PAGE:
Guest Columnist - John Ropa
Posted: April 10, 2009
The news spread quickly - someone in the community was in pain. It didn't matter what caused the pain, and it didn't matter what church they attended. If someone were hurting, the small congregation would find a way to help. Even though my wife, Arty, and I were transplants to Elizabeth,IL, we were included among those on call. We were about to be introduced to the bandage that covers all wounds.
"What is a potluck?" I asked. "It's very informal," said Marilyn, one of the organizers. "Just bring a dish that we can put on the table for everyone to share."
Arty and I had never been to a potluck. Back in the Chicago suburbs, the equivalent of a potluck was to figure out which restaurant served the best buffet. Later, at home, Arty seemed puzzled. "What should I bring?" she asked. "Use your Greek heritage," I said. "Make keftethes. They're awfully good and probably no one around here has ever had any. There aren't too many Greek restaurants around."
For those not familiar, keftethes are savory Greek meatballs, made from ground beef or lamb, flavored with salt, pepper, onions, and predominantly, allspice. When made properly, which Arty always does, they are slightly crusty, causing them to retain all of the delicious juices inside. The first poke with a fork usually results in a tiny eruption of delicate sauce and delivers and aroma capable of bringing Athens directly to the table. Instead of being round, like meatballs, keftethes are shaped more like flying saucers. They are not for cholesterol watchers.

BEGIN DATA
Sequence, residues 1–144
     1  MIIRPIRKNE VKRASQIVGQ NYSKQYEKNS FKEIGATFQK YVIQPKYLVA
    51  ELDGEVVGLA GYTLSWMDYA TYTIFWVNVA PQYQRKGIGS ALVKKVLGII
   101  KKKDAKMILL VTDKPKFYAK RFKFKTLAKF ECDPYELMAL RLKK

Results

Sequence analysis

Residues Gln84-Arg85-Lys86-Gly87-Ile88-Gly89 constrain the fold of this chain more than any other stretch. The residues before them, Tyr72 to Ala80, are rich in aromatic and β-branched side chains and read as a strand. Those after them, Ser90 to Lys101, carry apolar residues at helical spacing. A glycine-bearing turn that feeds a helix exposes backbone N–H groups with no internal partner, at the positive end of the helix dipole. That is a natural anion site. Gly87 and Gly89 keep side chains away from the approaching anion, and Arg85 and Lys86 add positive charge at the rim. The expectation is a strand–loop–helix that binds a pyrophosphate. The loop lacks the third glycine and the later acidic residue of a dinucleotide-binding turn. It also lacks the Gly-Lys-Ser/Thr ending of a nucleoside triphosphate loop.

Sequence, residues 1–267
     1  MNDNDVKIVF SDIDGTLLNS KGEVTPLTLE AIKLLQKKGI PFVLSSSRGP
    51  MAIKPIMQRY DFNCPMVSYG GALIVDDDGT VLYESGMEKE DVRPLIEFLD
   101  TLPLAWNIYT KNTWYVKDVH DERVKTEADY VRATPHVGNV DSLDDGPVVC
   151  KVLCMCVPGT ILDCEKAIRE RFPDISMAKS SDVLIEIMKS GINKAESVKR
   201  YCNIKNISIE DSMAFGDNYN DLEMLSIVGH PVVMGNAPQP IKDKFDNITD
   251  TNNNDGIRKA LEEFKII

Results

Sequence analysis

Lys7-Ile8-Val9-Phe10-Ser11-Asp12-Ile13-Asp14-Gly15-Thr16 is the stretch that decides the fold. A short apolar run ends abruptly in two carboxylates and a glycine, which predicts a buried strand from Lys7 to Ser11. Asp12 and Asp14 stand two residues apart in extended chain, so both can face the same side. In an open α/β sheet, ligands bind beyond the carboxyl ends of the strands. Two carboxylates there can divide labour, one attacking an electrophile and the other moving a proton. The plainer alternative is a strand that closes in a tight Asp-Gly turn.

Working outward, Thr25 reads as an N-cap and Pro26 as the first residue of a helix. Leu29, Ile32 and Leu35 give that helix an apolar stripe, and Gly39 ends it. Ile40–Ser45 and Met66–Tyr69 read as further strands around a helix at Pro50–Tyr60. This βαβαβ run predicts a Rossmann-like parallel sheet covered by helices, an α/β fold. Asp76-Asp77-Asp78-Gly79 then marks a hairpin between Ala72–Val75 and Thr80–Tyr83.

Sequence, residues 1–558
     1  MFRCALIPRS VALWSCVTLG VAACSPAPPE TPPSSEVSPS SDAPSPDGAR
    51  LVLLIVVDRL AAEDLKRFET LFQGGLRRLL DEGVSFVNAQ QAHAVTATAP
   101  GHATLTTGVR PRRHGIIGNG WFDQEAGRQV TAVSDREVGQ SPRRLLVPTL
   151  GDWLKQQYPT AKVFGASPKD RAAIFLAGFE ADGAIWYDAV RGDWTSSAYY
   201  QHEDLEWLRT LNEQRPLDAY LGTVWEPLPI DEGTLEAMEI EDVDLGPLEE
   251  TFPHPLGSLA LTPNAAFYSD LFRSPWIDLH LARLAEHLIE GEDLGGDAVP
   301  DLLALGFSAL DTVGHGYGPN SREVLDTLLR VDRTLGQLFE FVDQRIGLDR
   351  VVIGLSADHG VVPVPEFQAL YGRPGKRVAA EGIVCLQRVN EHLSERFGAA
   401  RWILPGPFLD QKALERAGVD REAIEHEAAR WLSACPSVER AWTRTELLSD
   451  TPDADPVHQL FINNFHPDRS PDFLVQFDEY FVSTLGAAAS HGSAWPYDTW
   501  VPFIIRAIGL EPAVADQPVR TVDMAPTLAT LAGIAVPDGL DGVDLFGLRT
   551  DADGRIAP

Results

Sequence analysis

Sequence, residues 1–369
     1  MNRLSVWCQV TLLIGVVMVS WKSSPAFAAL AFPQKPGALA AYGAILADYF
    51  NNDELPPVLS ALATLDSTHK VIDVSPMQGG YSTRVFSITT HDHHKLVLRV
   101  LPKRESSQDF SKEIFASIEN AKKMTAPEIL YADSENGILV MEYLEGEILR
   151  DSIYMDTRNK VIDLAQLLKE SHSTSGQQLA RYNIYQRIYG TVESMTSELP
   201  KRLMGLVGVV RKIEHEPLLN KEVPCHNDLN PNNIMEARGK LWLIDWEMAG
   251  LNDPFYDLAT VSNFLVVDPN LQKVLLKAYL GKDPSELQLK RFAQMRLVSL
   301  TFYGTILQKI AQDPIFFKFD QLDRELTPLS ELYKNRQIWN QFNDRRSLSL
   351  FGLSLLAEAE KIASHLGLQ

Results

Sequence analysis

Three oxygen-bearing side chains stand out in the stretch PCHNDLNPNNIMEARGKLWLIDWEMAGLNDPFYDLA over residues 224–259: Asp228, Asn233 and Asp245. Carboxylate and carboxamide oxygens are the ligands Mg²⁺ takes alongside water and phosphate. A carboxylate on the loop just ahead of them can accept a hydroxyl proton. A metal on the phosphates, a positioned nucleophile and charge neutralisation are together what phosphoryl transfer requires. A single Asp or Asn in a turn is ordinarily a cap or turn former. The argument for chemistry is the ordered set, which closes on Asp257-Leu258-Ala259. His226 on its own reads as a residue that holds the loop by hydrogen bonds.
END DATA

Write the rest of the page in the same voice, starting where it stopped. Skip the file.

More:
We arrived at the potluck on time and deposited the bowl of keftethes on the table among the other dishes. Already there were four dishes of potato salad, three bowls of meatballs, four pans of baked beans, one three-bean salad and a huge variety of pastries. The smell of the foods were tanatalizing. The keftethes were the most pungent of the offerings and I was hoping there would still be some left by the time I got to the table.
Arty and I were almost at the end of the line and there at least 30 persons ahead of us. When we got to the serving table, after slipping a few bucks into the donation bowl, we couldn't help but notice the still full bowl of keftethes. No one had taken any, not even one. "They're probably going to get them when they come back for seconds," I said. I could see Arty's disappointment, so when she wasn't looking, I took three for my plate and surreptitiously slid two more into a napkin which I discreetly put in my pants pocket.
Later, when the potluck was over, Arty was too embarrassed to pick up the still nearly full bowl and take it home. So, of course, she told me to do it. On the way to the parking lot, I realized that it is not a good idea to put paper-wrapped keftethes in the same pocket as the car keys; and that paper napkins are not nearly as absorbent as they used to be. But the potluck was a success. Someone's pain had been eased by the community's contributions and leftover keftethes make good sandwiches.